How to request an elite upgrade with United PlusPoints
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For years, United Airlines offered elite members two instruments for upgrading flights: Regional Premier Upgrades (RPUs), valid for domestic and shorter international flights, and Global Premier Upgrades (GPUs), which were best used to move to business class or premium economy on long-haul international itineraries. Both options have now been replaced by a single currency, called PlusPoints.
Before the conversion, I had a balance of four Regional Premier Upgrades expiring on Jan. 31, 2020; four Regional Premier Upgrades expiring on Jan. 31, 2021; and 10 Global Premier Upgrades expiring on Jan. 31, 2021. Combined, that resulted in a PlusPoints balance of 560, with those four former regional upgrades maintaining their original 2020 expiration date.
Moving forward, Premier Platinum, 1K and Global Services members will earn PlusPoints at the following rates:
- 40 upon reaching Platinum
- 280 upon reaching 1K or GS
- 20 for each subsequent 3,000 PQPs (1K and GS only)
For anyone keeping track, that means those additional 200 PlusPoints I earned with my travels this year will require earning 30,000 PQPs in 2020 (essentially spending $30,000 on United and partner flights, before taxes and fees). That’s certainly not going to happen, so this is likely the final year I’ll see my PlusPoints balance anywhere near that high.
Note that Premier 1K members who earn status based on 24,000 PQPs (rather than 54 PQFs and 18,000 PQPs) will earn 40 additional PlusPoints, for a total of 320.
Searching for availability
After logging into a MileagePlus account with a current PlusPoints balance, click the “Advanced search” option and scroll down to the “Fare preferences” section to select “PlusPoints upgrades” before beginning a flight search.
From there, flight and upgrade pricing is immediately visible, along with whether you’ll score an instant upgrade or end up on the waitlist. You’ll also see the fare class breakdown after enabling Expert Mode.
You can also filter flights by departure time, stops, connecting airports, and — most important of all — whether or not an upgrade is available to confirm at booking.
United requires 20 PlusPoints for all domestic and regional upgrades, with one exception — customers purchasing Premium Plus on a domestic premium flight will only need to redeem 10 PlusPoints to move up to biz.
Unfortunately domestic confirmed upgrade space remains especially difficult to come by, especially on transcon flights — my friend’s Newark (EWR)-San Diego (SAN) flight could be waitlisted for 20 PlusPoints, for example.
With two passengers on the itinerary, the total came to 40 points — and, since the upgrade is waitlisted, the points won’t be deducted from my account until the request clears.
While domestic upgrades are fairly straightforward — you’ll need 20 points to move up from economy or 10 points to upgrade from Premium Plus — deciphering international upgrades feels a bit like eating a bowl of alphabet soup:
- Economy to Premium Plus: 20 PlusPoints
- Premium Plus to Polaris: 30 PlusPoints
- Economy to Polaris (Y, B, M, E, U, H, Q, V, W): 40 PlusPoints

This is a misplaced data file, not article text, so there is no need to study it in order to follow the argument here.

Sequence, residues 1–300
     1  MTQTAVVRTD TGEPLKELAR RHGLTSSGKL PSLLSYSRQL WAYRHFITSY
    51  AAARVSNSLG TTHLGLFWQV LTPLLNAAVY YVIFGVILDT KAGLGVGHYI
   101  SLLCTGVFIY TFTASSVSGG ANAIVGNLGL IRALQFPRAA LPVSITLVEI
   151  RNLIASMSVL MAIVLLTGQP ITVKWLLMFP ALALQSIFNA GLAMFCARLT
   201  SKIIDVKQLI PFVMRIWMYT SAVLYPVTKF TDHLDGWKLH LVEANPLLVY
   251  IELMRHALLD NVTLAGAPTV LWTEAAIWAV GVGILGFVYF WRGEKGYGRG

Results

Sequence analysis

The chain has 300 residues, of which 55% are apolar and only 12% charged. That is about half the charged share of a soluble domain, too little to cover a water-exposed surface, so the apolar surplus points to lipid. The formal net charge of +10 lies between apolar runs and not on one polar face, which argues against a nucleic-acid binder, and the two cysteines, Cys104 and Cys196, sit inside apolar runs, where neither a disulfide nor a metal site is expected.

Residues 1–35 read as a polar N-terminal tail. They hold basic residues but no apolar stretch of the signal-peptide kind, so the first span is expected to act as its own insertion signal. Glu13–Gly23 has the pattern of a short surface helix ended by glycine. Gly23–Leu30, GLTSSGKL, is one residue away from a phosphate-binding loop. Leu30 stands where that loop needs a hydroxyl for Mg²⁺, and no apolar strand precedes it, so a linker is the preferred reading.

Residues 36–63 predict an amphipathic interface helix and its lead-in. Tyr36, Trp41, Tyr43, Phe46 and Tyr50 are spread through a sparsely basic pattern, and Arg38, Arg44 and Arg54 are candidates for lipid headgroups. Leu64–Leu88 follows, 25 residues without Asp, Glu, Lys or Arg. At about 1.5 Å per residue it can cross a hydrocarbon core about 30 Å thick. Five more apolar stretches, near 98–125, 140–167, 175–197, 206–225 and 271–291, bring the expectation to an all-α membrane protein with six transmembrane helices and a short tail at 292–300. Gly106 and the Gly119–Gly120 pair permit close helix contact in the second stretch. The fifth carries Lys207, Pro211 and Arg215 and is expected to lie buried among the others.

- Economy to ANA business (G, E, Y, B): 40 PlusPoints
- Business to ANA first (J, C, D): 40 PlusPoints
- Economy to Copa business: 40 PlusPoints
- Economy to Lufthansa business (G, E, Y, B, M, U, H, Q): 40 PlusPoints
- Business to Lufthansa first (J, C, D): 40 PlusPoints
- Economy to Premium Plus (Skip Waitlist): 70 PlusPoints
- Economy to Polaris (S, T, L, K, G): 80 PlusPoints
- Economy to Polaris (Skip Waitlist): 140 PlusPoints
My friend has an upcoming flight from Tel Aviv (TLV) to Newark, so I pulled that itinerary up. Because the international leg was booked in the “S” fare class, each direction of the trip requires 80 PlusPoints. Additionally, since PlusPoints will be deducted if only the domestic flight clears, you can now choose whether or not to waitlist segments individually — perhaps a small “silver lining” in this notable devaluation.
Be sure to read the upgrade options carefully — you can’t change your request later, though you can cancel it if the upgrade has not yet cleared.
Notably, the domestic segments did not add to the PlusPoints total, which came to 160 points for the round-trip:
If the domestic waitlists clear and the international segments do not, however, you will be charged the appropriate number of PlusPoints for a domestic upgrade. If you’re booked from Austin (AUS) to Houston (IAH) to Tokyo (NRT), you probably won’t want to burn 20 PlusPoints on the 40-minute domestic hop when a lie-flat seat on a 14-hour long-haul only requires 40.
Canceling a request
Upgrades waitlisted from your own account — for you or another traveler — will appear on a new tab on your “My trips” page.
From there, you can simply click “Cancel upgrade” to remove a flight from the waitlist.
At launch, United’s Skip Waitlist option appears to be limited to flights between North America and South America, with redemptions priced at 70 Plus Points for Premium Plus and 140 Plus Points for Polaris — a significant premium over standard elite upgrades. Learn more about how this redemption works right here.
Ultimately, United’s PlusPoints introduction represents a positive shift — Copa upgrades require double the (equivalent) number of points and it’s a shame that points will be deducted when domestic flights clear even if the long-haul leg does not, but elites should find this new system to be far more flexible overall.
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